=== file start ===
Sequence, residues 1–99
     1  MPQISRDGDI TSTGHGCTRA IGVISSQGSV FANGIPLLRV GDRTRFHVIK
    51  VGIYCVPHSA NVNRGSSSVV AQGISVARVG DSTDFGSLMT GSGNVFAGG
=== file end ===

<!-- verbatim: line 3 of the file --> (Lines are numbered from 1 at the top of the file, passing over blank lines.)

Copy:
    51  VGIYCVPHSA NVNRGSSSVV AQGISVARVG DSTDFGSLMT GSGNVFAGG